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Sheep Ranch 1

Workers spray grass seed on the ninth green at Ballly Bandon Sheep Ranch last Wednesday, the first green complex to be seeded on the 18-hole course that will open in 2020. 

BANDON — Golf Course construction is under way again on the oceanside cliffs north of Bandon as another potentially world-class course takes shape.

Bandon Dunes Golf Resort announced Wednesday morning that Bally Bandon Sheep Ranch will be opening for play in 2020.

The course is being built on property just north of the resort that is co-owned by Bandon Dunes owner Mike Keiser and his college roommate and partner in Recycled Paper Greetings Inc., Phil Friedmann.

The double green on Fivemile Point will overlook rocks in the Pacific Ocean. 

Friedmann has managed Sheep Ranch, which for more than 15 years has included 13 green complexes and a number of fairways so those few golfers who got to experience the rustic course could choose their own routing.

“It was wonderful to have this incredibly special golf experience early on,” Friedmann said in an article on the website for the new course. “It is now time to share the magic of Sheep Ranch with other lovers of the game.”

Reservations for the course will be handled through the resort and a road will be developed so visitors can drive directly from the resort to the new course without having to travel along Seven Devils Road outside of the resort property.

The original green complexes and fairways at Sheep Ranch were designed by Tom Doak, who also was the architect for Pacific Dunes and co-architect for Old Macdonald along with Jim Urbina.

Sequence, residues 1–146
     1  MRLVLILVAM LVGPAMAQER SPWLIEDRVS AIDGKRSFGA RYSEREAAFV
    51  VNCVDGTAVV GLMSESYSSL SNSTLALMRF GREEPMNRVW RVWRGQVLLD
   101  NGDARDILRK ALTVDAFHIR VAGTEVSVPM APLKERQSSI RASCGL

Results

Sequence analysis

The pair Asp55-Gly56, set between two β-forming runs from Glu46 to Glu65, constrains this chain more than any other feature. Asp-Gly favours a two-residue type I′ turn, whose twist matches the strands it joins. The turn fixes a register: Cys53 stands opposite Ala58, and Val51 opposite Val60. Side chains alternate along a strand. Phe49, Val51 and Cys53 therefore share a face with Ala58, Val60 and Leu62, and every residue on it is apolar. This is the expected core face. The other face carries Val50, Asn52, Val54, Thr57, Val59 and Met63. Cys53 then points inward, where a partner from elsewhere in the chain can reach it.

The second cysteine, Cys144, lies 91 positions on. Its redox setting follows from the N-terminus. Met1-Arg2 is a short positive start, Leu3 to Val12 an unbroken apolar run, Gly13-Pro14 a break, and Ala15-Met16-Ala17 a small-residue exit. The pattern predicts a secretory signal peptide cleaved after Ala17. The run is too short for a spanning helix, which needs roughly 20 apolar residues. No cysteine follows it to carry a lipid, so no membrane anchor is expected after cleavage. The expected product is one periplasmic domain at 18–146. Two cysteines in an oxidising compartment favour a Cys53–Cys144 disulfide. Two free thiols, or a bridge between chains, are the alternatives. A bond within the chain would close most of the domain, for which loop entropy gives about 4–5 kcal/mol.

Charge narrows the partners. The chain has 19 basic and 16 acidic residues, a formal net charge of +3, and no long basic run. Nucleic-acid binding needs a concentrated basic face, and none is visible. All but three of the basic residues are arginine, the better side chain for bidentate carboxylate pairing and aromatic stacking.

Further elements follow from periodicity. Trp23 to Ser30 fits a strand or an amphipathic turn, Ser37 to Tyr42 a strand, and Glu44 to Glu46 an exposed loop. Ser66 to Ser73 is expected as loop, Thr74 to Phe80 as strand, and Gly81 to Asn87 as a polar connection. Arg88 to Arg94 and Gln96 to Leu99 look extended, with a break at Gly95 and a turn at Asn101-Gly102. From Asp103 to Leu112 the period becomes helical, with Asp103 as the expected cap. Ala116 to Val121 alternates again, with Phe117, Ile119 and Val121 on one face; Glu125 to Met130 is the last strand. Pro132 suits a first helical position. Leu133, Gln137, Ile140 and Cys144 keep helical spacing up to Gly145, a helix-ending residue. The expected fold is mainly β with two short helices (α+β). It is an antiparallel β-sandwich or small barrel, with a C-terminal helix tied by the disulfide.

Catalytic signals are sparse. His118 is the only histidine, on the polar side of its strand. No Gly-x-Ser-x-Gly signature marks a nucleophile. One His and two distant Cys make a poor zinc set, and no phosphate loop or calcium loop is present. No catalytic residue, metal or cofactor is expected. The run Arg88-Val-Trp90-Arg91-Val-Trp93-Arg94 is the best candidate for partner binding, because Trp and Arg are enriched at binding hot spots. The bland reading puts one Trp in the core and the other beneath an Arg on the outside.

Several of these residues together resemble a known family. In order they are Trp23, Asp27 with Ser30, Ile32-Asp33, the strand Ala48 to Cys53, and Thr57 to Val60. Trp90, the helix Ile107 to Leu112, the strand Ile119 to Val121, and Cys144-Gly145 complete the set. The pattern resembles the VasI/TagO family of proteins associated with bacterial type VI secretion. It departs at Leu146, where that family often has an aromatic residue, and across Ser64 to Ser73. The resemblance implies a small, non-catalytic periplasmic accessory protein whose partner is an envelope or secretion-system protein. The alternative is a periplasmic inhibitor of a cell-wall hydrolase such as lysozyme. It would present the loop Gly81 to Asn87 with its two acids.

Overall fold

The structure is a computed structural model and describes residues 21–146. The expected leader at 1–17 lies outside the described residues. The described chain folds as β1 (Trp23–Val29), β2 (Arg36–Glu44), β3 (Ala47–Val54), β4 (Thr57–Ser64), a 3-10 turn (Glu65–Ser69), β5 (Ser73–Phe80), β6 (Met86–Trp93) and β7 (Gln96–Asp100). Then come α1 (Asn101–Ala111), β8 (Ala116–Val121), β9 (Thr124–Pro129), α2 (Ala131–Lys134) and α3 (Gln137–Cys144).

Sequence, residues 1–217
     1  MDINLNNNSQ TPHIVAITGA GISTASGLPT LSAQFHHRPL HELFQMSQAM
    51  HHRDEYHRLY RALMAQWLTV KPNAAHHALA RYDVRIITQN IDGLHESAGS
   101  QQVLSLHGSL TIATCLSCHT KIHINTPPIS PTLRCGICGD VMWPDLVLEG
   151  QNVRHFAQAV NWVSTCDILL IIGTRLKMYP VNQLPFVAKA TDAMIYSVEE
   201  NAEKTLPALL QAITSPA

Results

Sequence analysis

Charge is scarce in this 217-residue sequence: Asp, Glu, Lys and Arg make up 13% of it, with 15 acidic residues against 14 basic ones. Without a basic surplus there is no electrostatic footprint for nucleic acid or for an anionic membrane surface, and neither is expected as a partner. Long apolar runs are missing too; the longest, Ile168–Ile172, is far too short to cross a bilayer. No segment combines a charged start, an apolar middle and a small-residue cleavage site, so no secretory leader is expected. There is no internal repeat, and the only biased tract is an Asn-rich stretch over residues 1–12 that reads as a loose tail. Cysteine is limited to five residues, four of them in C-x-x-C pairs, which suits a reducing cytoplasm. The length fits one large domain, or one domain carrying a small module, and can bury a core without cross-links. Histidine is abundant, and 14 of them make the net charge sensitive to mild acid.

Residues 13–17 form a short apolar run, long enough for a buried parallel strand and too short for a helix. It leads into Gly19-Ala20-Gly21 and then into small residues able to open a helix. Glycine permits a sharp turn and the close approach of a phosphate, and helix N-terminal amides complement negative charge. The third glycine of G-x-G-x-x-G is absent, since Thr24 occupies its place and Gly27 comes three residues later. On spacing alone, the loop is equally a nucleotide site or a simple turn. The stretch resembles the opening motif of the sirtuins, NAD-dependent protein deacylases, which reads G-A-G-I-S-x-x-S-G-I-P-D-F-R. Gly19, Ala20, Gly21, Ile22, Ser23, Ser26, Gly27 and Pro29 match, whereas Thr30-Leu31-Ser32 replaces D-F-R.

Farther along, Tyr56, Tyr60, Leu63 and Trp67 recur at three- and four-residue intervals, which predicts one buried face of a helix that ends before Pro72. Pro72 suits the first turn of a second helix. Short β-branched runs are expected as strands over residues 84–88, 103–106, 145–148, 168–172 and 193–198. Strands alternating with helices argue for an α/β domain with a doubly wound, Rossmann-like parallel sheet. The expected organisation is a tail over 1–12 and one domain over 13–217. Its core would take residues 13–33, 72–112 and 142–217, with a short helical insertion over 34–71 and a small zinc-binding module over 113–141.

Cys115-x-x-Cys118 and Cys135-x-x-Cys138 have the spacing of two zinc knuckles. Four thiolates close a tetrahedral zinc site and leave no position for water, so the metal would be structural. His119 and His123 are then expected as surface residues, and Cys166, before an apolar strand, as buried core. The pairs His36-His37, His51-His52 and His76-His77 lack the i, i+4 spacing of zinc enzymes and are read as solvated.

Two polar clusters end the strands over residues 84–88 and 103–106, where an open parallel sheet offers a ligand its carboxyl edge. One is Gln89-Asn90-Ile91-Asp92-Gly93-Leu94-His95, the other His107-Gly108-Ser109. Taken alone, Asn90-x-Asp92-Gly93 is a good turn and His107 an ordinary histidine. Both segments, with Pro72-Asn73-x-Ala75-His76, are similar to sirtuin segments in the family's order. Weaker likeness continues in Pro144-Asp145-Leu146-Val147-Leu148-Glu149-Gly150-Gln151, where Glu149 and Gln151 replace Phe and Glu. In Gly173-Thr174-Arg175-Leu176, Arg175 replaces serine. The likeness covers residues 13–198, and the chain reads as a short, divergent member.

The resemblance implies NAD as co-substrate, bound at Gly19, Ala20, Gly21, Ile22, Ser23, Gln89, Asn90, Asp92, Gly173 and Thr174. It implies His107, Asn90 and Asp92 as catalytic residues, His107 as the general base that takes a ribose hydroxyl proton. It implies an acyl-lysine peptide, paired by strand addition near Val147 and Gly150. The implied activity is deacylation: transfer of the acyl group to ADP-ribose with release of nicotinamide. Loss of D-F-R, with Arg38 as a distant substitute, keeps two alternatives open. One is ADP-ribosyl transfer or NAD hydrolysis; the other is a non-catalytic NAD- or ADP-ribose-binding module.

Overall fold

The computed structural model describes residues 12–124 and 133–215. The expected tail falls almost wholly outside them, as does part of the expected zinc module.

But for the routing and design for the Bally Bandon Sheep Ranch, Friedmann and Keiser turned to another familiar design team — Bill Coore and Ben Crenshaw, who designed both Bandon Trails and Bandon Preserve.

“Coore and Crenshaw solved the riddle of the perfect routing on the ocean’s edge,” Friedmann said.

In addition to the work at the resort, Coore and Crenshaw also have worked for Keiser at Cabot Cliffs, Sand Valley and the Sand Box, a par-3 course at Sand Valley.

“They are great listeners,” Keiser said. “Their design of the Sheep Ranch is truly brilliant.”

“We are incredibly honored to have been chosen for this project by Phil and Mike,” Coore said in a story for an upcoming issue of the resort’s magazine commemorating its 20th anniversary next month. “The property has some of the most magnificent natural contours for golf that I have ever seen.”

The many holes along the cliffs will be the big attraction for Bally Bandon Sheep Ranch. The new course includes a mile-long stretch overlooking the beach and ocean and nine of the holes will be along the cliff, more than at the resort’s three exiting ocean-side courses combined.

A pine tree and snag have been left in place along the cliff at Bally Bandon Sheep Ranch while gorse near them has been removed as part of the…

They will include one double-green on Fivemile Point, which juts out toward the ocean, but because of the contours of the cliffs, the opportunities for spectacular holes, as well as unique shots, are plentiful, said Michael Chupka, the resort’s director of communications.